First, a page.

Few professional communities experience the un- and underemployment rates of today’s military spouses and caregivers.
At present, over 90 percent of military spouses are un-/underemployed, earning a mere fraction of what their civilian counterparts are able to bring in.
As a recently transitioned military spouse, I can attest that the job outlook doesn’t exactly improve when your family moves into the veteran community, especially if you’re tasked with post-war caregiving.
Such realities are the unfortunate plight of many members of the current military community. Some studies cite the ever-growing civilian-military divide, others blame poorly constructed workplace policies as the source of such widespread discrimination.
While I hope the employment struggles of today’s military and veteran families will resolve through effective community and government initiatives, the reality for many military spouses is that they need a job, like, yesterday.
You’re a family caregiver, providing must-have supportive care for an aged, chronically-ill, and/or disabled loved one.
You’re lonely, stressed, and tired.
The long-term nature of caregiving that so often accompanies today’s current healthcare system leaves you wondering if you have what it takes to keep all the plates spinning.
It wouldn’t take much – one more unexpected hospitalization, one more secondary infection, one more medical procedure denied by insurance – for all the plates to come crashing down on the floor.
If you’re like millions of other family caregivers, you worry about your loved one, you feel ill-equipped to provide 24/7 caregiving services, and you feel really, really alone. Continue Reading…
This post is brought to you on behalf of the Forté Foundation. The content does not necessarily reflect the views of the Forté Foundation.
Until ten years ago, I had never actually met a professional woman – an educated female that made a living wage. Growing up in fundamentalism, I was raised in a culture that did not acknowledge gender equality and restricted women to very limited roles as wives and mothers. I had no idea what developing a career involved or even how to get started. The majority of my homeschool education had been focused on the domestic arts – childcare, cooking, cleaning, etc. – and neglected subjects like math, science, and finance (all the things you wouldn’t find in the job description for a housewife).
My junior year of college, I finally encountered a real-life professional woman – a visiting professor of biochemistry. She was confident, educated, and owned her own house. I knew I wanted to be just like her, but I had no idea how to get there.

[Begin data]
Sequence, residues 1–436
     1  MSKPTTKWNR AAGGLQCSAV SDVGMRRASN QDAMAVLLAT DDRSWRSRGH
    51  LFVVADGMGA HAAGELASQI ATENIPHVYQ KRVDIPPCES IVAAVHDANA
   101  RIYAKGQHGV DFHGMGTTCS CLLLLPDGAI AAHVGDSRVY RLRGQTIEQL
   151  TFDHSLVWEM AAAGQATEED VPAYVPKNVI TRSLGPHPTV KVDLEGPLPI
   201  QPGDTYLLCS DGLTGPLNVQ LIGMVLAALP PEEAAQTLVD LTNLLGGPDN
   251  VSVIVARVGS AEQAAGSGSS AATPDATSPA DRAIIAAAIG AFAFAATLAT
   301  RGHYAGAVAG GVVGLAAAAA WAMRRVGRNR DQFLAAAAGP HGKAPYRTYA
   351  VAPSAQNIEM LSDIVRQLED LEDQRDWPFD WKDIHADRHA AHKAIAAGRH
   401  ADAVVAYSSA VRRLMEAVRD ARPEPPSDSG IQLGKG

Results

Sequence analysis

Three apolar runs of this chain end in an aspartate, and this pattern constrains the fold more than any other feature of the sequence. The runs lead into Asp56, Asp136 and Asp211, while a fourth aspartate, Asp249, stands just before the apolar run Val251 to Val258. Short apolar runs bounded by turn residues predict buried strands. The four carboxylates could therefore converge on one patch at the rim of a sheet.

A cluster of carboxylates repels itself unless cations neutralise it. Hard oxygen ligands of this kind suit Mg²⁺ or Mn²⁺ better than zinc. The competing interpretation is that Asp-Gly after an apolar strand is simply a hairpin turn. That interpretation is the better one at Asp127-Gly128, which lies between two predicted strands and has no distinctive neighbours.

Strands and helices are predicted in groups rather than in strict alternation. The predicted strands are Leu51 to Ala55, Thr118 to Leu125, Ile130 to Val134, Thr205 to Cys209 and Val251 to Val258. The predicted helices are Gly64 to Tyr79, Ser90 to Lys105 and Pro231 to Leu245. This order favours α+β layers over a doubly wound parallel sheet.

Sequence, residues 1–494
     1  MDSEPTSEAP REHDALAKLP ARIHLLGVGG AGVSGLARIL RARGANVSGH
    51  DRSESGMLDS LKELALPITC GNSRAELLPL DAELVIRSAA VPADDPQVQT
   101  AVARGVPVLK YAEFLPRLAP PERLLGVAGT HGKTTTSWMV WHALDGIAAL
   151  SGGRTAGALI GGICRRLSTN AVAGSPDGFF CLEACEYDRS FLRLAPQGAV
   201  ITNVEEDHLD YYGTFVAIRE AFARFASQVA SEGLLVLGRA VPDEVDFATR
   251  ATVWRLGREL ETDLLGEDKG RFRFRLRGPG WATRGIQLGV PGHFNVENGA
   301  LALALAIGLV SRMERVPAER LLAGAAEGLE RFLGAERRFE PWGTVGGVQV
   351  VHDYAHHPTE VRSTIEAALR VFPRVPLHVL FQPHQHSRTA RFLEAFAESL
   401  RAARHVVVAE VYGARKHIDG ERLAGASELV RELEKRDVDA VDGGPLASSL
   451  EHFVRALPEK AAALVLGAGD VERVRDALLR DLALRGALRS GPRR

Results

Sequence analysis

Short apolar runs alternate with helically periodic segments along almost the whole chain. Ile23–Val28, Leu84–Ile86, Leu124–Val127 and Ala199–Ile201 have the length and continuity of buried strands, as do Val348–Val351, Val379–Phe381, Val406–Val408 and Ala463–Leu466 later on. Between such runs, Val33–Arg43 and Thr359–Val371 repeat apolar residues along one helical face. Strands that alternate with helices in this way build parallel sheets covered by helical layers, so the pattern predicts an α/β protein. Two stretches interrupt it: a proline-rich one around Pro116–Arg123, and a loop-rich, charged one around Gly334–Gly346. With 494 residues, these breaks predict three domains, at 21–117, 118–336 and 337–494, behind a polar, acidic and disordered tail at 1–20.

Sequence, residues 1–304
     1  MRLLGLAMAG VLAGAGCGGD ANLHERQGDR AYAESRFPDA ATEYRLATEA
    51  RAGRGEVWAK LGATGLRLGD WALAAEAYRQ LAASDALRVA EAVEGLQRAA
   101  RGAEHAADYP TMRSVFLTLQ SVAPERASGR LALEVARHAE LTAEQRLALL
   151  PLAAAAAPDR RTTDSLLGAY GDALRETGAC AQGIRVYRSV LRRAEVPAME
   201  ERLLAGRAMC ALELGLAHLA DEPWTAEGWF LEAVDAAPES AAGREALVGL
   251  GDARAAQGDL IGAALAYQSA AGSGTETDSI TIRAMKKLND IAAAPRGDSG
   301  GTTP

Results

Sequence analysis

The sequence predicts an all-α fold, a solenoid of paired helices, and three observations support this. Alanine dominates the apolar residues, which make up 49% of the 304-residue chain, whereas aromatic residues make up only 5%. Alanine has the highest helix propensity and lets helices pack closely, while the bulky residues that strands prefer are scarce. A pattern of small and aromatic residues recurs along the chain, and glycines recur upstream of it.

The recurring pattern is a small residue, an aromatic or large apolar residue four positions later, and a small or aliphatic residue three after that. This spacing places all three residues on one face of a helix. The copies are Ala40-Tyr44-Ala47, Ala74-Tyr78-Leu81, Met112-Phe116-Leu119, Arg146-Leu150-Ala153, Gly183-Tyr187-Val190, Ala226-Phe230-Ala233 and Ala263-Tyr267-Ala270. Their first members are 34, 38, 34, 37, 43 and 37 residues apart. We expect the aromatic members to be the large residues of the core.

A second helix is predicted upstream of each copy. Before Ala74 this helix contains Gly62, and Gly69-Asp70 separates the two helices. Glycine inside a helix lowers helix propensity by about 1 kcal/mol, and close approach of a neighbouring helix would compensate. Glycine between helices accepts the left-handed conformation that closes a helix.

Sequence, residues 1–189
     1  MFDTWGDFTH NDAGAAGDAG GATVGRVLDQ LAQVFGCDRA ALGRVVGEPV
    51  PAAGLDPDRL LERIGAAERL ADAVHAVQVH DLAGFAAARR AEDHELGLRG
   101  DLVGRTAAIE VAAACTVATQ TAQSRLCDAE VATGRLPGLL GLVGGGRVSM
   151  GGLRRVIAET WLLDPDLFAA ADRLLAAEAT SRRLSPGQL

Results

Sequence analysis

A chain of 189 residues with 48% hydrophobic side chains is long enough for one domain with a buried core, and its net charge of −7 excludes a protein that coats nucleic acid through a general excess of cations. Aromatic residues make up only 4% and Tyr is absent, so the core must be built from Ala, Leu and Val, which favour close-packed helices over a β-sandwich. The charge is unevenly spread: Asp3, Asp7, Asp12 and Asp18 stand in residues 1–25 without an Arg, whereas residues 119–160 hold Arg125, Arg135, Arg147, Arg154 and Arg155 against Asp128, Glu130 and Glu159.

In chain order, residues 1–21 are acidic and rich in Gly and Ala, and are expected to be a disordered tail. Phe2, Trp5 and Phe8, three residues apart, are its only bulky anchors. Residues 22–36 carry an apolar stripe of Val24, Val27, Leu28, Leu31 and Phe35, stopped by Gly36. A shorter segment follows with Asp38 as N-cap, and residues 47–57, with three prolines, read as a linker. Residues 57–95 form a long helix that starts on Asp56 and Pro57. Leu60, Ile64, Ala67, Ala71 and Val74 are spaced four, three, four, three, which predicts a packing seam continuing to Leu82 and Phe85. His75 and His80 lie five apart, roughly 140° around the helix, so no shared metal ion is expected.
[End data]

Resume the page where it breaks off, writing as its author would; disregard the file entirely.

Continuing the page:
During a workplace seminar I recently attended, a member of the audience asked the speaker, “Why do millennials want the flexible work environments?”
The speaker replied, “Because they don’t want to work! Millennials don’t want to work.”
As one of the only millennials in the crowded event space, my interest was piqued by the speaker’s response and the subsequent non-millennial audience reception. The speaker and audience conversation continued dogging millennial employees, citing Generation Y’s preference for remote working opportunities and their engagement in the gig economy as sufficient evidence for the unfounded argument that millennials are inherently “lazy”, “have immature values”, and “lack sufficient work ethic”.
As a career-minded millennial that’s built her entire career through virtual work out of necessity (I am also a full-time caregiver to my spouse who was injured serving our country in Afghanistan), I was quite troubled to hear this discourse among industry leaders regarding generational misconceptions and ill-informed consensus regarding flexible work opportunities that can lead to mass discrimination within our caregiving community.
Can you believe that summer is almost over?
Technically, my summer came to an end with the first day of fall semester classes. I went from riding horses every day to lecturing college students on business and technology. The annual change from a life in cowboy boots to sensible pumps is always a little drastic. I’m still getting saddle time in the afternoons and evenings, just spending most of my mornings discussing economic trends and marketing strategies.